Tuesday, January 22, 2008

To hawk, or not to hawk?

“SAVE US FROM THE HAWKING MENACE,” says the poster in bossy capitals, tied to the fence of a nearby park. “DON’T TURN THIS BEAUTIFUL TOWNSHIP INTO UGLY ONE!” its partner cries, four steps further on, grammar the victim of passion.
My first thought is of rogue bands of falconers, wilfully plying their jesses, to the peril of our neighbours’ smaller offspring. For once, this isn’t mere caprice. Mumbai’s skies are constantly patrolled by black kites, drifting on thermals in lazy spirals. From our apartment, we look down on them, quartering the city. (Have not had one land on the windowsill yet, but feel it to be a matter of time. Am wondering what they eat, and if I have any in the fridge. Have not shared this plan with Roland yet, he is not a Nature Lover at heart, only smiling at wildlife when it is on the barbecue.)
My second thought, which I instantly try to unthink, concerns expectoration. Unequivocal “NO SPITTING!” notices elsewhere make this theory plausible, however unwilling I am to consider it. Red splats of betel juice polka-dot the pavements: I hastily avert the gaze, but I’ve seen them. I’m famously not clever with emissions – if, for example, in our nonage, Roland waxes bronchitic, I’m hiring in a rosy-bosomed wench in a nurse’s uniform to look after him, then I’m running away with my gerontologist.
Roland the Pragmatic says, however, he thinks hawking refers to street traders. You’d be hard pressed to stop street trading here. People just seem to prop up one wall of their house as an awning, and anything that’s not nailed down is for sale. If business is slack, the shopkeeper just has a quick snooze, confident that, should a potential customer present himself, the goat tethered to one leg of his cot will serve as a doorbell. And Britain’s called the nation of shopkeepers - did Napoleon never get as far as India?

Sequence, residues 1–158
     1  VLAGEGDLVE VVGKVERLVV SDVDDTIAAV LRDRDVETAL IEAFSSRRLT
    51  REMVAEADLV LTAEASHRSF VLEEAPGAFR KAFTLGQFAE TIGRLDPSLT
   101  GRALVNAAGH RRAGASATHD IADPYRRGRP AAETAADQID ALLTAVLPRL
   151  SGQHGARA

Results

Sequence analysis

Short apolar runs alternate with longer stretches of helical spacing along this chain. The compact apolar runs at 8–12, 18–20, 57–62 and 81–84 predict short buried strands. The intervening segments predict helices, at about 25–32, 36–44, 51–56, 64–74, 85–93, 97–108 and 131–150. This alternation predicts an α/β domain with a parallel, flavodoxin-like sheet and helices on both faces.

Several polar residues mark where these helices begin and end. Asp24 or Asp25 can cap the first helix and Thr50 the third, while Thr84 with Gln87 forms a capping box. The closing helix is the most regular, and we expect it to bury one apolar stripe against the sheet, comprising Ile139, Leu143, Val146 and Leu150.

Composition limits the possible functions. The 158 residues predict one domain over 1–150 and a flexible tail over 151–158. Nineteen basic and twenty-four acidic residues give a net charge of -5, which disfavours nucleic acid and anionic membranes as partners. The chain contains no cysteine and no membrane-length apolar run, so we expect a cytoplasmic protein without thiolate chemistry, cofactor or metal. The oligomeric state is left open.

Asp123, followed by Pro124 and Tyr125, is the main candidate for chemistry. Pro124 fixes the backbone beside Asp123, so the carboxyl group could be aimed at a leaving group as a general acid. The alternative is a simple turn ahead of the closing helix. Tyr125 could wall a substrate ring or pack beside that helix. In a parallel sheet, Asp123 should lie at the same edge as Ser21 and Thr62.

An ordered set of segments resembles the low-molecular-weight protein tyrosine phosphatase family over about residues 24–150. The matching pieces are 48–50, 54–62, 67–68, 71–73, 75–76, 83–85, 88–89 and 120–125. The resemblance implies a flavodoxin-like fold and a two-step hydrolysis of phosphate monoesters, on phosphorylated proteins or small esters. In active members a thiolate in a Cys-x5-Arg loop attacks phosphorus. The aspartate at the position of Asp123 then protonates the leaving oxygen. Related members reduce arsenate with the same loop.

I’ve yet to brave the delights of the open market, convinced I have “Please feel free to triple your prices” hennaed on my pasty white forehead, but the shops-as-we-know-them - with tills and uniformed doormen, but no goats - retain all of their allure. I attempt to buy a packet of safety pins in D Mart (“Experience the Convenience”) from a charming lady in mercery. I can still only say “Namaste” but feel it hardly meets the case. I already have a small following, on account of aforementioned pasty face, but they look like they’re on my side. After some futile initial skirmishing, I take out my trusty pad, and draw a safety-pin. Inspired. My assistant consults her friend. They laugh and nod, and bring me nail-clippers. I put aside the slight to my artwork, to deal with later, alone. My entourage is now blocking the aisle, but no-one wants to go anywhere, the show’s right here. I take a deep breath, and MIME a safety-pin. If I say so myself, I’m very good. The reception is tumultuous. Five assistants are now clapping with joy, congratulating one another in triumph, they know exactly what I’m after...but no, they’re out of stock. Dilgir. Sorry.